- Lauren Dungy
- Shaunti Feldhahn
- Tim and Darcy Kimmel
- Betsy Landers
- Dr. Walt Larimore
- Mark Merrill
- Joanne Miller
- Dr. Gary J. Oliver
- Kathy Peel
- Dr. Greg Smalley
- Dr. Scott Turansky
- Jill Savage
Articles by Dr. Walt Larimore
- Your Child Needs a Well-Child Checkup
- You Are the Key to Your Teen’s Well-Being
- Why Energy Drinks Are Bad for Your Teeth
- Why Bottled Water is Bad for Your Teeth
- Why Baby Media Does Not Advance Learning
- Whooping Cough Epidemic
- What Is the Genetic Link With ADHD?
- What Is My ADHD Child Feeling?
- What about Adopted Children?
- Weight Loss That Works…and Keeps Working
- The Ten Commitments of Great Parents
- The Teen Years--Ready, Set, Go
- The Parental Team--It Takes Two
- The One Thing Your Kids Need to Avoid for A Good Night’s Sleep
- The Different Layers of Health Care
- The Death-Defying Power of Healthy Marriage
- The Crucial Importance of R.E.S.T.
- The Attributes of Great Parents
- The ADHD Child
- The ABCD's of Parenting Teens
- The 12 Ways of Hands-On Parents
- Television and Childhood Obesity
- Superfoods for Women
- Summer – Fun, Food, Fellowship, and Fat?
- Study shows no link between increased cell phone use and brain cancer incidence
- Small Changes Bring Big Results
- Showing Gratitude for Partner's Generosity
- Quality Time or Quantity Time?
- Postpartum Depression
- Poll Shows Sex within Marriage is More Fulfilling
- Obesity: Television, Video Games and Your Children’s Health
- Obesity: Soft Drinks Effect Health
- Obesity: It’s a Killer Epidemic
- Obesity: Children and Fast Food
- Loud Music and Teenage Hearing Loss
- Learn as much about ADHD as you can
- Is Chocolate the Next Super Food?
- Is ADHD Different in Boys and Girls?
- Is ADHD Associated With Risk-Taking Behaviors?
- How to Change These Four Bad Habits
- How to be Happier and More Satisfied
- How Common Is ADHD?
- Hepatitis C and Tattoos
- Healthy Holidays
- Hands-on Parenting: How it Works
- Good Relationship with Dad Can Help Fight Stress
- Fast food and your family
- Explore Treatment Options
- Dr. Larimore’s 11 Tips for Weight Loss Success
- Disciplining Older Kids
Dr. Walt LarimoreWalt Larimore, M.D. has been called “one of America’s best known family physicians.” He is a nationally-known and nationally sought after speaker and health expert. read bio
The Ten Commitments of Great Parents
There are ten commitments that remind us of the most important sacrifices parents can make to raise highly healthy children. These commitments (with perhaps the exception of number 7) are choices each of us can make, regardless of our personal life circumstances. The following are an adaptation of the ten commitments of great parents developed by psychologist Todd E. Linaman.
1. Provide for physical needs. Growing children need healthy diets, adequate clothing, quality health care, and protection from harm.
2. Be there for them. When your children talk to you, turn off the television, face them, and really listen. As much as possible, attend Little League games, school conferences, and band concerts. Your presence, attention, and availability will make a significant difference in the lives of your children.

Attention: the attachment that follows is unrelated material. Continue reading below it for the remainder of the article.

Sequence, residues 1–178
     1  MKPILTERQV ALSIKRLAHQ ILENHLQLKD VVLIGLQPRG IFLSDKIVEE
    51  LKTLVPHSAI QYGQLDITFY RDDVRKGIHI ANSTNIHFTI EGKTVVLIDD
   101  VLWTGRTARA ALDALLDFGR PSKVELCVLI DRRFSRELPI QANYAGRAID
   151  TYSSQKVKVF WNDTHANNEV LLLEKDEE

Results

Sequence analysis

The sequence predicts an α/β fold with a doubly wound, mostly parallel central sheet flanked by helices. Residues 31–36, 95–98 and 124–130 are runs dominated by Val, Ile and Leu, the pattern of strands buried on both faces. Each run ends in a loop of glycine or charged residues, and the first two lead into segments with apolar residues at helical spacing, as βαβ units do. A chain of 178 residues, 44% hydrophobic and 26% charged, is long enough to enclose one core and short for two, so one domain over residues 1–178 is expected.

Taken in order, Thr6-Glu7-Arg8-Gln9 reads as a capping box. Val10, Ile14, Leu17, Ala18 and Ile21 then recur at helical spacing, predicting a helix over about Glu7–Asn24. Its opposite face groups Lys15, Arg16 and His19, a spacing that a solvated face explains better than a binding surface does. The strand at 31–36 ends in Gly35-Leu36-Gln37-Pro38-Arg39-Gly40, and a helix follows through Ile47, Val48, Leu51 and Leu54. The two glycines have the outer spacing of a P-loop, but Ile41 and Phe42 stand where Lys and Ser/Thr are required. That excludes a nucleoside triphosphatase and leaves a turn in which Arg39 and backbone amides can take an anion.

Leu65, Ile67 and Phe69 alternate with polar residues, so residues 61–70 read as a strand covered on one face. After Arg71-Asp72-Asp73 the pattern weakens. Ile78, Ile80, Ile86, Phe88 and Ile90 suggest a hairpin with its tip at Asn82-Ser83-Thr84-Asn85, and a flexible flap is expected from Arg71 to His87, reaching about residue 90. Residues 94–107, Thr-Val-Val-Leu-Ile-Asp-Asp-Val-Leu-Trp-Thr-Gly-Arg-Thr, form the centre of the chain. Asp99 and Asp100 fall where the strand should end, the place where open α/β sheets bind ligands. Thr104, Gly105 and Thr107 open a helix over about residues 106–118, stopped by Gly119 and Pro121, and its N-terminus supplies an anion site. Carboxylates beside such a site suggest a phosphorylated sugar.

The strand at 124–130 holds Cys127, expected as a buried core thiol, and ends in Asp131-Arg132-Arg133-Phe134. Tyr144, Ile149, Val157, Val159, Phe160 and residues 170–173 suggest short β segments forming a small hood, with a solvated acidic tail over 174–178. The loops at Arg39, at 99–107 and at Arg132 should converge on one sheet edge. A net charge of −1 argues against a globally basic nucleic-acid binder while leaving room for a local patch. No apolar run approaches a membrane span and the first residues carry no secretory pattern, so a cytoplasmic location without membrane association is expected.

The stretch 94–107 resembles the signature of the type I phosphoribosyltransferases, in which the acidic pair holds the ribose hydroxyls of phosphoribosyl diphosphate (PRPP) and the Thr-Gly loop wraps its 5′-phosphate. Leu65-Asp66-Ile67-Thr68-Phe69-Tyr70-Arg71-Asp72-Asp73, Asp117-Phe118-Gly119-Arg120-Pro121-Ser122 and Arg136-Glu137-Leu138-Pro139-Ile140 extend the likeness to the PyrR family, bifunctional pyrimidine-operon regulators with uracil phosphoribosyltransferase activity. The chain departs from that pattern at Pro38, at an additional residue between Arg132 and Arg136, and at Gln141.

3. Give them “roots and wings.” Children need to try new things. They need the opportunity to try and to learn from the experience. Supportive family “roots” will soften any falls and give them a stable place to land.
4. Balance individuality with absolutes. Each child is unique. Celebrate individual strengths and try to see life from your child’s perspective. Show respect for personal preferences and fears. At the same time, operate from the strength of your convictions. Children need the security of unmovable boundaries and guidelines for behavior.
5. Hold them accountable. Children want to do what’s right, and they want to be accepted. If they’ve done wrong, encourage them to make amends. Doing so restores their self-respect and lets them know that their behaviors have consequences.
6. Admit when you’re wrong. As parents we make mistakes, and our children can see it--whether we admit it or not. If we’re willing to say, “I blew it; I’m sorry,” our children learn that our relationship with them is more important than maintaining the upper hand. It gives them the freedom to admit their mistakes as well. Facing the truth is a key to good emotional health.
7. Love your spouse. Your children need the security and example of your love for one another.
8. Practice what you preach . Actions speak louder than words. If you tell your children to respect their teachers while you bad-mouth your boss, don’t expect good behavior reports at school conference time! Fight the temptation to just drop them off at church--go with them!
9. Demonstrate a love of learning. If you read for enjoyment and self-improvement, your children are more likely to enjoy learning. Read with them and discuss new ideas to stimulate their thinking. Help your children reach conclusions for themselves. Also, expose your children to new opportunities for learning, such as going to the library, surfing the Internet with them, and taking them to museums.
10. Never give up on them! As our children grow up, some of them will make us think we have done a good job; others may make us wonder if we did anything right at all The time comes when we have to back off and let our children make their own decisions and mistakes. But we must never stop loving them or encouraging them to be the best they can be.
Taken with permission from the book, God’s Design for the Highly Healthy Child by Walt Larimore, M.D. with Stephen & Amanda Sorenson, (Zondervan).
Medical information within this site is not intended for use in the diagnosis or treatment of any health condition. Please consult a licensed health care professional for the treatment or diagnosis of any medical condition.
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